Razor vs Blazor

Updated December 18, 2022

Razor and Blazor are two of the most popular web UI frameworks for creating web apps in the Visual Studio development environment. This blog post will examine the similarities and differences between these two .NET technologies based on their syntax, interactions, benefits and drawbacks. It will also demonstrate some use cases with some code examples.

What is Razor and Blazor in ASP.NET Core?


Razor is a server-side markup language that allows developers to create web pages dynamically using HTML and embedded, .NET server-side code. Razor generates web pages from Razor pages, web page template files written with C# or VB. Razor pages written with VB code use the .vbhtml file extension, and razor pages written with C# code use the .cshtml file extension.

Modern ASP.NET web applications support Razor, and it can be used in favor of traditional ASP.NET markup to generate application view components.


Blazor is a web application framework that allows developers to build interactive, clientside interfaces applications using .NET programming languages. Web applications built with Blazor are single-page applications (SPA) that execute inside of a web browser client (not ona web server). Browser-side app execution is possible thanks to WebAssembly. WebAssembly is a cross-platform instruction set library found on all modern web browsers that is capable of executing .NET source code.

With Blazor, it is possible for developers to create reusable, interactive client-side web components with C#, HTML and CSS (without needing to incorporate JavaScript). Futhermore, as these components are written in C#, developers have the flexibility to move implementation details back and forth between the client and server as source code and libraries as necessary.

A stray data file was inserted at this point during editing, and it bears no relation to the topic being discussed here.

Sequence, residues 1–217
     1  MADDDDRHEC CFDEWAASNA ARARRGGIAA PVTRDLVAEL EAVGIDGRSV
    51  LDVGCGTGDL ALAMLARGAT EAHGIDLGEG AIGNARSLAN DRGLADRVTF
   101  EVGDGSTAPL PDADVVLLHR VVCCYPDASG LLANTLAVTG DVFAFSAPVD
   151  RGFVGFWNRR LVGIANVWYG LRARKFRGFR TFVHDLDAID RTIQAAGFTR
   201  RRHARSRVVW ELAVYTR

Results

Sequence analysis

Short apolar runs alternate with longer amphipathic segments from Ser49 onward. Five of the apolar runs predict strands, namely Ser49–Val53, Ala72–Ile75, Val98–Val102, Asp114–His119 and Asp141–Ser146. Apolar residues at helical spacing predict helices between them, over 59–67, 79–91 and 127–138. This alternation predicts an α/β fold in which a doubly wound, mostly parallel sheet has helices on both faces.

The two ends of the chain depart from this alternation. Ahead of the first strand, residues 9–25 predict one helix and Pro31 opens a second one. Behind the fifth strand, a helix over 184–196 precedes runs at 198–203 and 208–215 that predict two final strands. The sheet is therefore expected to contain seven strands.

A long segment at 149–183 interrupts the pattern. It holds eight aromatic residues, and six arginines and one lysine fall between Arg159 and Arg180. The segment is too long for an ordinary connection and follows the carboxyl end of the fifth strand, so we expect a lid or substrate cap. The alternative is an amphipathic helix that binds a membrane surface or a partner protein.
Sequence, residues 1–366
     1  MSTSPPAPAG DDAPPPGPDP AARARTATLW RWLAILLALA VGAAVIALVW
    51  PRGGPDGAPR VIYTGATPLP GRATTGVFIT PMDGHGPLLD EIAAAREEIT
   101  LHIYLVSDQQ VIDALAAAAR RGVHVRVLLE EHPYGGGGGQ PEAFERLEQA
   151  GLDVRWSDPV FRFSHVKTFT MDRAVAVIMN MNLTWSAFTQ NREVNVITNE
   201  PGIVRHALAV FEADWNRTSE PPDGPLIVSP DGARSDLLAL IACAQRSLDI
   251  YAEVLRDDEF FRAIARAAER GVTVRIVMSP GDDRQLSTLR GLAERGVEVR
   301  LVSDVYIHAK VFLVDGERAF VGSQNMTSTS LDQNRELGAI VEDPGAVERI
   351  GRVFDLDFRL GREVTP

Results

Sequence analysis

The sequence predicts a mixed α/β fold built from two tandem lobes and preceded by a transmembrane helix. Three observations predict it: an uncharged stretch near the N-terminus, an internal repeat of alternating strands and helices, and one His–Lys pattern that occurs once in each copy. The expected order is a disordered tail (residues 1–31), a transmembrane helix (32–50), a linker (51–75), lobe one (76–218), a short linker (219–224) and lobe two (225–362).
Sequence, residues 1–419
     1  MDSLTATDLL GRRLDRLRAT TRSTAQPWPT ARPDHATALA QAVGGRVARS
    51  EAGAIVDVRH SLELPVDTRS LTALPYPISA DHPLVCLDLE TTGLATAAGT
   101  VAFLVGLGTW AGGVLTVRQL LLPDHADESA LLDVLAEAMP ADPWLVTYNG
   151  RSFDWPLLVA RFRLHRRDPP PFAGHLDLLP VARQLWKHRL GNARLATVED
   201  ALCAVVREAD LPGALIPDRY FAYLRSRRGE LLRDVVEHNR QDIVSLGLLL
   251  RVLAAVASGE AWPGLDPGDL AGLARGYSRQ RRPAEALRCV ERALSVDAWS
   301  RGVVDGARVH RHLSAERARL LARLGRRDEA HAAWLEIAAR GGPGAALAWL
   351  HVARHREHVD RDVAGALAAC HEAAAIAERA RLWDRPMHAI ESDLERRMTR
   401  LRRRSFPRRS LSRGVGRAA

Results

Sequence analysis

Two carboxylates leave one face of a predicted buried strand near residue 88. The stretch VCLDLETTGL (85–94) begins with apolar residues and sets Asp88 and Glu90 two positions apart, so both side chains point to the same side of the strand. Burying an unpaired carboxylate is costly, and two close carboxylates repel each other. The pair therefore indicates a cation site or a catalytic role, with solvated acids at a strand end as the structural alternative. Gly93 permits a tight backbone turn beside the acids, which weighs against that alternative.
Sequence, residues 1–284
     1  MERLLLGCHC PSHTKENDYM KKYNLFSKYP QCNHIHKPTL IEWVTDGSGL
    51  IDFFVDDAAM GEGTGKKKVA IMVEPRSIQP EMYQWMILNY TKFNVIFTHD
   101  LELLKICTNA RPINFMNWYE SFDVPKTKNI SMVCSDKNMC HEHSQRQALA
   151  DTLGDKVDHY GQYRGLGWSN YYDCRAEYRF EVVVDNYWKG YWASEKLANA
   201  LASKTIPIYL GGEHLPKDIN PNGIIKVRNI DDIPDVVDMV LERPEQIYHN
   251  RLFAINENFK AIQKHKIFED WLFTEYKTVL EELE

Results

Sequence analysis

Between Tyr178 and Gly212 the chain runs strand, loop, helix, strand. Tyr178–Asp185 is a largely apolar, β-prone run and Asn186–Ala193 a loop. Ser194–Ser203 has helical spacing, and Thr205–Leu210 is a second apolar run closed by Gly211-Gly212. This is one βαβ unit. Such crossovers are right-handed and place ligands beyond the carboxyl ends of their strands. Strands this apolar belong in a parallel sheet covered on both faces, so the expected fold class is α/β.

Does Blazor use Razor Components?

Blazor fully supports the Razor syntax. You can build Blazor apps using Razor's full markup feature set: using loops, conditionals, etc. Consider the following example.

@page "/HelloWorld"

   Example Component

@foreach(var person in People){
@page "/HelloWorld"

   Example Component

@foreach(var person in People){
'INSTANT VB TODO TASK: The following line could not be converted:
page "/HelloWorld" (Of h1) Example Component </h1> foreach(var person in People)
If True Then
	(Of h2) person.FirstName</h2>
End If
VB   C#

Connection Between Razor and Blazor

We can see clearly that there is a relationship between Blazor and Razor. After all, Blazor's name itself is a combination of the words "browser" and "razor."

Razor and Blazor are both used to create web applications using HTML and C#. Since they are open-source and free, developers can utilize them immediately and without restriction. When developing ASP.NET web applications, we use the Razor syntax because it is more akin to ASP.NET Core and ASP.NET MVC.

Blazor builds flexible, interactive user interfaces from one or more components written with Razor syntax.

It is at this point that we must make a significant distinction with how Razor is used in Blazor: it is used to build components (buttons, page elements, etc), and not to build entire pages.

Additionally, Razor files (files with the .chtml extension) within Blazor are known formally as Razor components, not as Blazor components (although both words get used interchangably in many development circles).

Working of Razor Pages and Blazor Server

Razor works within MVC applications to serve entire pages to the browser.

Razor vs Blazor, Figure 1: Razor Pages in Action